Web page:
• Rules and Regulations
    Adhere to all rules and regulations posted by the Virginia Department of Game and Inland Fisheries and other state and federal agencies.
    Licenses are required to hunt and fish at Hidden Valley WMA
    Recently VDGIF has imposed a facility use fee for recreational activities on their managed lands. Visit the following website for more information:
    Disturbing, removing, and collecting plants and/or animals require a permit and are otherwise a criminal offense punishable under the penalties prescribed by law.

Hidden Valley Lake

Faunal species at Hidden Valley are plentiful. Game animals abound, including black bears, white-tailed deer, bobcats, raccoons, squirrels, turkeys, and ruffed grouse. But there are other animals worth noting too, such as Southern Flying Squirrel, numerous salamanders, dragonflies, and myriad butterflies.

Hidden Valley is well known for its birds. Several species of high elevation warblers, vireos, woodpeckers, cuckoos, and raptors, including an occasional Bald Eagle, are found here. You can read a more in-depth article about local bird species here.

Southern Flying Squirrels
Diana fritillary

Southern Flying Squirrel


Diana Fritillary Butterfly

Blue Dasher and Widow Skimmer Dragonflies

Northern Slimy Salamander and Spring Salamander



One of the most enchanting aspects of Hidden Valley is its flora. The verdant forests are primarily deciduous oak, maple, beech, cherry, magnolia, and yellow birch interspersed with hemlock, and at higher elevations, red spruce. Rhododendron and Mountain Laurel thickets dominate the understory. Dozens of fern species and innumerable wildflowers, including trillium, wild orchids, and violets flourish here.

Cinnamon Fern and Interrupted Fern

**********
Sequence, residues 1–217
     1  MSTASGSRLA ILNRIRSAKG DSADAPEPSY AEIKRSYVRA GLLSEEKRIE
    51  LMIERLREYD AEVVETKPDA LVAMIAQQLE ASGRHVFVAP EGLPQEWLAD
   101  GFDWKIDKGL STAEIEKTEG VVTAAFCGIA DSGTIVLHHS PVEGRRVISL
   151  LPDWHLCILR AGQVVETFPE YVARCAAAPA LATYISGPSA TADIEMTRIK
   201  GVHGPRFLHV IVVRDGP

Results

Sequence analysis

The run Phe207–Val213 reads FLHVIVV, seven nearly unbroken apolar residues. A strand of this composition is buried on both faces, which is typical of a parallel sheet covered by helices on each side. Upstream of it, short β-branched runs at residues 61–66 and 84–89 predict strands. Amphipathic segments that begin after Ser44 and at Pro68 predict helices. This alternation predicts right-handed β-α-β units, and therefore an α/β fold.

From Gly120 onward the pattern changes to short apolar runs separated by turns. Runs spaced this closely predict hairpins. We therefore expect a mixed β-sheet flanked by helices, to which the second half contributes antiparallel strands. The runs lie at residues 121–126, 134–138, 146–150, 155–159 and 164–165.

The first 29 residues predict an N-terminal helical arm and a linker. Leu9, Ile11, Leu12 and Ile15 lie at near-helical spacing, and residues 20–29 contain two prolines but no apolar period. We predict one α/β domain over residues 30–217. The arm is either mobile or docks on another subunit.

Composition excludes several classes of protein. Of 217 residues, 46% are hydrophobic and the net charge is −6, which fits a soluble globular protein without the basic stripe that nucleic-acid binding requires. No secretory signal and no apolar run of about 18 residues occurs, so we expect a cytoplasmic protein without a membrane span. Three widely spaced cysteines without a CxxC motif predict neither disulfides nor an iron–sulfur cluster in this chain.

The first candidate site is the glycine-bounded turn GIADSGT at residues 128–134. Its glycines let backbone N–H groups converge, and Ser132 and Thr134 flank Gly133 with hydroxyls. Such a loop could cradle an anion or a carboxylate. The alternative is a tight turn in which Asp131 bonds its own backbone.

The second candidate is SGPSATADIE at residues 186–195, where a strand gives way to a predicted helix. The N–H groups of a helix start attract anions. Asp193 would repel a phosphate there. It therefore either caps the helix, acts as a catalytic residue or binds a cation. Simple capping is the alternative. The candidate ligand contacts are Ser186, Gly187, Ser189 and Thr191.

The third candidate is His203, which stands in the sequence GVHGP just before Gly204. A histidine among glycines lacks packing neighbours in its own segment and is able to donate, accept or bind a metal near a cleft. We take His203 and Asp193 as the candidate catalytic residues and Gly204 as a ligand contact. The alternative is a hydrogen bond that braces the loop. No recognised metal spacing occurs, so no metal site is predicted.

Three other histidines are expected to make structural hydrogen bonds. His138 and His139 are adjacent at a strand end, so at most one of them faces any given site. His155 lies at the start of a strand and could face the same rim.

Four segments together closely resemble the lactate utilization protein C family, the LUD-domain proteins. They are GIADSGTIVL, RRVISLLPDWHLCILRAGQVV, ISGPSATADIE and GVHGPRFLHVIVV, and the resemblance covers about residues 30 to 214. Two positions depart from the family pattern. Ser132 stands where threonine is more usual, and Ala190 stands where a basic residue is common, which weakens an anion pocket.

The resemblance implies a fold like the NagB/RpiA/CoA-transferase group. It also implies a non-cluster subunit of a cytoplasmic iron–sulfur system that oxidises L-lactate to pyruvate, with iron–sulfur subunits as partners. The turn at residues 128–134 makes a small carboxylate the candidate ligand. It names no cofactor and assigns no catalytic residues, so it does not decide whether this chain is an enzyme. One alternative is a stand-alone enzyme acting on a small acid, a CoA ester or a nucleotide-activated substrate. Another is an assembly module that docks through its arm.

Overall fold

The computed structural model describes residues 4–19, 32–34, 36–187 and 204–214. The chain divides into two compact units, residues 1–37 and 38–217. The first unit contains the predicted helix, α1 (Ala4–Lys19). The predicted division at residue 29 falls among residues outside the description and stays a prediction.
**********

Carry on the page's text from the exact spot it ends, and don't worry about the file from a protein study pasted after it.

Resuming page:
Catawba Rhododendron, Great Rhododendron, Mountain Laurel, and Flame Azalea


Large-Flowered Trillium, Sweet White Trillium, Painted Trillium



Common Blue Violet, Marsh Blue Violet, Arrow-Leaved Violet, Northern White Violet, Sweet White Violet, Halberdleaf Yellow Violet

Padleaf Rein Orchid, Large Purple-Fringed Orchid, Small Green Woodland Orchid, Downy Rattlesnake Plantain, Yellow Fringed Orchid, Nodding Ladies’ Tresses, Pink Lady’s Slipper

An important and often overlooked aspect of Hidden Valley is its diversity of fungi, comprising approximately 90% of its forest floor’s biomass. Fungi have a symbiotic relationship with trees and plants, whereby the vast network of fungal threads provide sustenance which is reciprocated with sugars for fruiting and propagation.

Examples of fungi, sometimes referred to as mushrooms, found at Hidden Valley include slime molds, sac, corals, puffballs, bracket, boletes, and gilled. The photographic collage features the following: Blue Stain Fungus, Eyelash Cup, White Bird’s Nest, Dead Man’s Fingers, Puffball in Aspic, Pear-Shaped Puffballs, Carnival Candy Slime, Branched Purple Coral, Yellow Spindle Coral, Green Jelly Babies, Violet-Toothed Polypore, Chicken of the Woods, Old Man of the Woods, Blue-Stain Bolete, King Bolete, Fragrant Chanterelle, Jack-O-Lantern, Horn of Plenty, Fuzzy Foot, Viscid Violet Cort, American Caesar’s Mushroom, Yellow Waxcap, Scarlet Waxcap, Salmon-Colored Nolanea, Fly Agaric, Yellow Patches, Emetic Russula, and Destroying Angel.